Court ruling ends truck sign-wrangle

By Imran Ali

Brian May challenged Whangarei District Council's decision to impound his truck.Photo/File
Brian May challenged Whangarei District Council's decision to impound his truck.Photo/File

A court order has paved the way for Whangarei District Council to dispose of a businessman's truck it seized for displaying advertising signs on a public road.

Owner of Magic Tyres and Mags in Whangarei, Brian May, waged a one-man battle against the local authority over signs it claimed was illegal.

The council impounded his Isuzu truck in January last year before asking Whangarei District Court for a forfeiture order to recoup its cost of impounding the vehicle, worth $1500, which stood at $3270 as at July 30.

The scrap between Mr May and the council started over advertising signs atop the truck on his former business premises on Okara Drive, which the council said breached local bylaws.

Apart from signs advertising the products his business was selling and their prices, Mr May had also displayed signs on his truck calling for council chief executive Mark Simpson to stand down.

The council considered the signs to be temporary signs on private land that contravened provisions of clause three of the bylaws which Mr May claimed wasn't in force at the time his truck was seized.

In a judgment delivered this week, Judge Keith de Ridder ruled that the signs were not temporary but that the truck was parked in a public place in breach of the council's Signs Control Bylaw 2005.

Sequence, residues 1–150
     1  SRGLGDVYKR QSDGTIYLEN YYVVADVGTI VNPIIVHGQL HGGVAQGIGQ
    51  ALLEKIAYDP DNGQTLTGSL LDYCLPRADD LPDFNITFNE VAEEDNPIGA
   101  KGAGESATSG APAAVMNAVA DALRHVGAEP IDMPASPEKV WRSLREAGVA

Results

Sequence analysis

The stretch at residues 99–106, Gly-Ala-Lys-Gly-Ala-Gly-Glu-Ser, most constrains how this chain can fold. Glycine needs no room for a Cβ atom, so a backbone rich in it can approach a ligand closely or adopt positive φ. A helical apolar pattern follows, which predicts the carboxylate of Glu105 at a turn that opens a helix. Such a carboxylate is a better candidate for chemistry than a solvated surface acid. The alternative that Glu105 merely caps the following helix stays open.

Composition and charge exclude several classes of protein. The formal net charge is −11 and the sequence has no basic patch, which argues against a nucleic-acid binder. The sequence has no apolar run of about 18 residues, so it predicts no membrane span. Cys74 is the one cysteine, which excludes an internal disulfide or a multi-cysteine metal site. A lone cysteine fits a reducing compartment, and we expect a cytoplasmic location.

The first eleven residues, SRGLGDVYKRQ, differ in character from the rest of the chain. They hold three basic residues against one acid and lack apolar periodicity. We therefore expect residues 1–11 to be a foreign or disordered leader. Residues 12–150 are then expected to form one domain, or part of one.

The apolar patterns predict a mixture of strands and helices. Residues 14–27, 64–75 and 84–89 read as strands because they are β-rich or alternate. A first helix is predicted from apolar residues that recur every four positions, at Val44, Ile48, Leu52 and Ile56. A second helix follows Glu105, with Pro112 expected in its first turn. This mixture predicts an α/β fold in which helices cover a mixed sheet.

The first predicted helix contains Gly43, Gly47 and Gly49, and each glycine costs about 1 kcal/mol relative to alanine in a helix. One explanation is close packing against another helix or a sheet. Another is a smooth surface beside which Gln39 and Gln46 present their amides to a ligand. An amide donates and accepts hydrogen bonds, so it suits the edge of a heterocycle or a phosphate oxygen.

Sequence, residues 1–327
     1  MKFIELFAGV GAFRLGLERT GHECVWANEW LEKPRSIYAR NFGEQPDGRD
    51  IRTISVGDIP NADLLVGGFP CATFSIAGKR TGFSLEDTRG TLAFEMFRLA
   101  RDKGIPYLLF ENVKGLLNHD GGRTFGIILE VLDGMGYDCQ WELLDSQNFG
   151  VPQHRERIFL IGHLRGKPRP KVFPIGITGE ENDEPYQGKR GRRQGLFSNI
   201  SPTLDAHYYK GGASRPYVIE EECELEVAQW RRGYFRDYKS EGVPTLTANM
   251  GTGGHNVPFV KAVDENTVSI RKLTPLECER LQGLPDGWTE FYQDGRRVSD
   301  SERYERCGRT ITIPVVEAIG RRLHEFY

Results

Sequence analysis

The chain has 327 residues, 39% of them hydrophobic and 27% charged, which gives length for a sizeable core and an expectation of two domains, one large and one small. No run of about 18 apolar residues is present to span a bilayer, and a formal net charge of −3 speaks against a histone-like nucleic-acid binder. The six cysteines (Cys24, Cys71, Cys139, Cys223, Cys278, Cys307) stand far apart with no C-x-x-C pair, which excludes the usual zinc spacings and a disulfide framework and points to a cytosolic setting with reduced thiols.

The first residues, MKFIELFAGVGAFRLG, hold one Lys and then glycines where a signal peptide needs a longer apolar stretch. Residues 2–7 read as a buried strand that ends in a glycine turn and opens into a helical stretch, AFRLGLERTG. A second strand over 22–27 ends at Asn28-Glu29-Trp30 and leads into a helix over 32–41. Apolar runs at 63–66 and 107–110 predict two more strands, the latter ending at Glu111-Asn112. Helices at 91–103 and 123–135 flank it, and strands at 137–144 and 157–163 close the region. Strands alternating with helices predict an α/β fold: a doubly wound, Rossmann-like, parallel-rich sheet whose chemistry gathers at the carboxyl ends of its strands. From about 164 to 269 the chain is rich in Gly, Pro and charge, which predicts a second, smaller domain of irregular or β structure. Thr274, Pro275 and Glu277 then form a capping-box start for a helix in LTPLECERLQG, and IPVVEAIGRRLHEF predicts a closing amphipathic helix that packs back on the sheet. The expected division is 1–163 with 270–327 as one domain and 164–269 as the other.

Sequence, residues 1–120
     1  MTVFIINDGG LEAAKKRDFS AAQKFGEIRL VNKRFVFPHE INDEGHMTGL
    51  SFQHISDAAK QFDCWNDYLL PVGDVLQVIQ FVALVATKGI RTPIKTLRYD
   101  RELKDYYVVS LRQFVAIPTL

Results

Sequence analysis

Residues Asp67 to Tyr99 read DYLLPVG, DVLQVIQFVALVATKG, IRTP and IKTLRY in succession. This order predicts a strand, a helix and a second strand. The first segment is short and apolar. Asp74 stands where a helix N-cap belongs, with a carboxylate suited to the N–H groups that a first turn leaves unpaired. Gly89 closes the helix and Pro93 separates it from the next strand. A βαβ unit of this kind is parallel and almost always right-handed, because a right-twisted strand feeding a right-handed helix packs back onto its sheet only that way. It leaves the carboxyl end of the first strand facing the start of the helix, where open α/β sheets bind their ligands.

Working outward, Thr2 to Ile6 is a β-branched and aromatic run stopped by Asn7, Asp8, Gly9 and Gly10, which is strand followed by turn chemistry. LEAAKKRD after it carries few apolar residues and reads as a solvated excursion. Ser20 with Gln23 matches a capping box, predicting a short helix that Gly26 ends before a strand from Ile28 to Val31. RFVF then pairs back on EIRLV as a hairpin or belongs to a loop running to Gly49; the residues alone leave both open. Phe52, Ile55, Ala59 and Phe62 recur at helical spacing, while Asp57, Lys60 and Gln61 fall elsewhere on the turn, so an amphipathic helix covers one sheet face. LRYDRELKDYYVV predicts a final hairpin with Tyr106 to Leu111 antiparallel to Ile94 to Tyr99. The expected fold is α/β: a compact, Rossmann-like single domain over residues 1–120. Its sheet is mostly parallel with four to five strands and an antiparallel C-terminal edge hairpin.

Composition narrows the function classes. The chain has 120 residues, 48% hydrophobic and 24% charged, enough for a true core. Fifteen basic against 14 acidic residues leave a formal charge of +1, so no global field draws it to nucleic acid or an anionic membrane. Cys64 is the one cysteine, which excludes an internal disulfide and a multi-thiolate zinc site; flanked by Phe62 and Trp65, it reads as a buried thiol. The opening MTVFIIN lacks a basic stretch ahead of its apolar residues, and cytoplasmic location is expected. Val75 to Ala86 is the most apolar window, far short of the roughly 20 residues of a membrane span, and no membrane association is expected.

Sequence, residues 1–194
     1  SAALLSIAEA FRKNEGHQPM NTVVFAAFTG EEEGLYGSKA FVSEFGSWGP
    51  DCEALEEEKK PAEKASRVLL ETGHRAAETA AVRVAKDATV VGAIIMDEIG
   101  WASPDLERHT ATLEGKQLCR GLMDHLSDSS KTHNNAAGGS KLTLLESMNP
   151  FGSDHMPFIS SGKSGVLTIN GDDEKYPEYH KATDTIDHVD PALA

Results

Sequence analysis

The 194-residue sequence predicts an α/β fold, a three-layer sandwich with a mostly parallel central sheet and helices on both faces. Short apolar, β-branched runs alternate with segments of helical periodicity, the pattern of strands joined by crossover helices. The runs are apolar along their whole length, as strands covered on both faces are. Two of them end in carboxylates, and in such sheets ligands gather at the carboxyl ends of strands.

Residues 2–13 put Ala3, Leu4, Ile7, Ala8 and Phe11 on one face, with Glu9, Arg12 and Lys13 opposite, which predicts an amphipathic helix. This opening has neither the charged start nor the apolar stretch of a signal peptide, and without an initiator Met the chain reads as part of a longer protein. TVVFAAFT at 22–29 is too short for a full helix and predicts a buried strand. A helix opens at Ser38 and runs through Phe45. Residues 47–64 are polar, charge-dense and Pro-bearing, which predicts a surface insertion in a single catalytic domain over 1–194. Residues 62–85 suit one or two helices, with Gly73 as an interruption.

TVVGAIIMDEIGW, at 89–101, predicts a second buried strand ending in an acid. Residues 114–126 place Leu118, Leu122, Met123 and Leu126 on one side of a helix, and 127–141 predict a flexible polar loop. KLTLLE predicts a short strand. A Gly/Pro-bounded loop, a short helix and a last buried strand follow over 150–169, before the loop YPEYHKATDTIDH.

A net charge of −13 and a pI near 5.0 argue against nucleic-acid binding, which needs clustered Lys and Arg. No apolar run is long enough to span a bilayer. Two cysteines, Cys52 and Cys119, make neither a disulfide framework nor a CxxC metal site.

He said the council's drafting of the bylaw in relation to temporary signs was "clumsy and confusing" and that five discreet types of signs were permitted such as sale/lease, direction, community events, elections and proposed projects.

The signs' vehicle did not fall into any of the five categories for temporary signs, he said.

Judge de Ridder rejected the argument that because the land on which Mr May's truck was parked was owned by someone other than the council, it could not be classified as "public place".

He didn't make an order for the disposal of the truck.

Council group manager district living, Paul Dell, said the court concluded that the truck was on a public space and therefore it breached the bylaw.

"In this situation, the LGA (Local Government Act) 2002 allows council to dispose of the truck, after giving the owner notice but without requiring a court order."

Mr Dell said the council had discussed the matter with Mr May who would decide if he wanted the truck back.

Mr May didn't wish to comment on the judgment.

- NORTHERN ADVOCATE

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